Demand for alternatives grows

By Staff | October 29, 2013 | Last updated on October 29, 2013
3 min read

Demand for alternatives to traditional equity indexing has been growing, as investors seek cost-effective ways to outperform benchmark indexes, finds SEI’s latest commentary.

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Report authors Stephen Beinhacker, CFA, managing director, Global Head of Equity, and Greg McIntire, CFA, U.S. Large Cap Portfolio Manager, believe these new approaches offer significant promise. But there are some challenge.

Construction-based approaches: a logical next step

A handful of providers have proposed methods for lowering the volatility and periodic uncertainty of single-factor portfolio returns. Beinhacker and McIntire believe it holds promise for enhancing returns with lower tracking error, less volatility and a better chance of avoiding periods of prolonged underperformance. As a result of these desirable characteristics, they expect the industry to trend in this direction in the coming years.

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Construction-based approaches seek to diversify into a portfolio of factor exposures in order to both smooth out the experience associated with single-factor strategies and produce better risk-adjusted returns.

“For example, in our analysis of the Fama-French data on momentum, size and value from November 1926 through March 2013, we found that a construction-based approach resulted in better information ratios (excess return relative to tracking error) than standalone factors. We obtained these results using two construction methods—equal weighting, which allocates equally to each factor, and risk parity, which allocates to the factors in proportions that balance each factor’s contribution to portfolio volatility.”

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The justification for equal weighting is straightforward. It is simple, assumes no conviction-based views, and has the benefit of bringing diversity to the construction process through equal weighting of capital. A key drawback is that it may result in suboptimal allocations, either in terms of return or risk.

Risk parity, on the other hand, seeks to diversify factor allocations by their expected contribution to portfolio risk or volatility.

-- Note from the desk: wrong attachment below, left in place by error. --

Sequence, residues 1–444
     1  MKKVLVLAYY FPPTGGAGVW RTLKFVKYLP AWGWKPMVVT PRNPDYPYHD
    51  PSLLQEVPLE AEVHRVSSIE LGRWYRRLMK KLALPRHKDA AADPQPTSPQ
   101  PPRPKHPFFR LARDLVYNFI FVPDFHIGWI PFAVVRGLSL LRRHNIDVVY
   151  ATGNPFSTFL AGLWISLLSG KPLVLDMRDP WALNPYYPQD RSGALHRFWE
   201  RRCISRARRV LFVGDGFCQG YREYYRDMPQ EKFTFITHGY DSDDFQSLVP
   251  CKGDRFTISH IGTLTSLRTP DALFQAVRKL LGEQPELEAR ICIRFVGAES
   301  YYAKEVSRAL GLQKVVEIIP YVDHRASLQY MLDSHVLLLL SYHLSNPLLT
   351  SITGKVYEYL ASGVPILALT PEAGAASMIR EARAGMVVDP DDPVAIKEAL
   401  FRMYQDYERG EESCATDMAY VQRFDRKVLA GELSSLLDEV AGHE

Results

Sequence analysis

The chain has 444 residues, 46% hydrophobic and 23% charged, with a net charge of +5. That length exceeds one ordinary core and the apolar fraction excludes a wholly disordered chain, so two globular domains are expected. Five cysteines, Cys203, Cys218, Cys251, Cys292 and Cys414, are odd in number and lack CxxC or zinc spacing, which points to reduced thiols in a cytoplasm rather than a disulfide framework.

“According to our analysis, the results for the equal- and risk-parity-weighted portfolios were a marked improvement on the standalone factor portfolios. Relative returns were positive, tracking error was lower, and the depth and duration of periods of underperformance were substantially improved.”

Developing an active-indexing implementation

The authors followed this up with another study in which we applied an expanded stable of factors to the Russell 1000 Index, using return data from October 1998 through March 2013.

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“We again compared equal-weighted and risk-parity construction methods, applying them within each return factor category and then across factor categories. The stability factor, which tends to be associated with lower-volatility stocks, was employed contextually. When expected portfolio volatility was high, exposure to stability was increased in order to bring volatility back into line with the broader market. In this backtest, the risk-parity-construction approach produced more desirable results overall.”

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As a result of their internal research, they prefer integration of multiple return factors, using a risk parity approach to portfolio construction. This technique can be employed as a carve-out within an active strategy, or offered as a standalone alternative-index vehicle. While single-factor implementations are capturing their share of investor attention, Beinhacker and McIntire believe their cyclicality can be challenging for a typical investor to endure. staff


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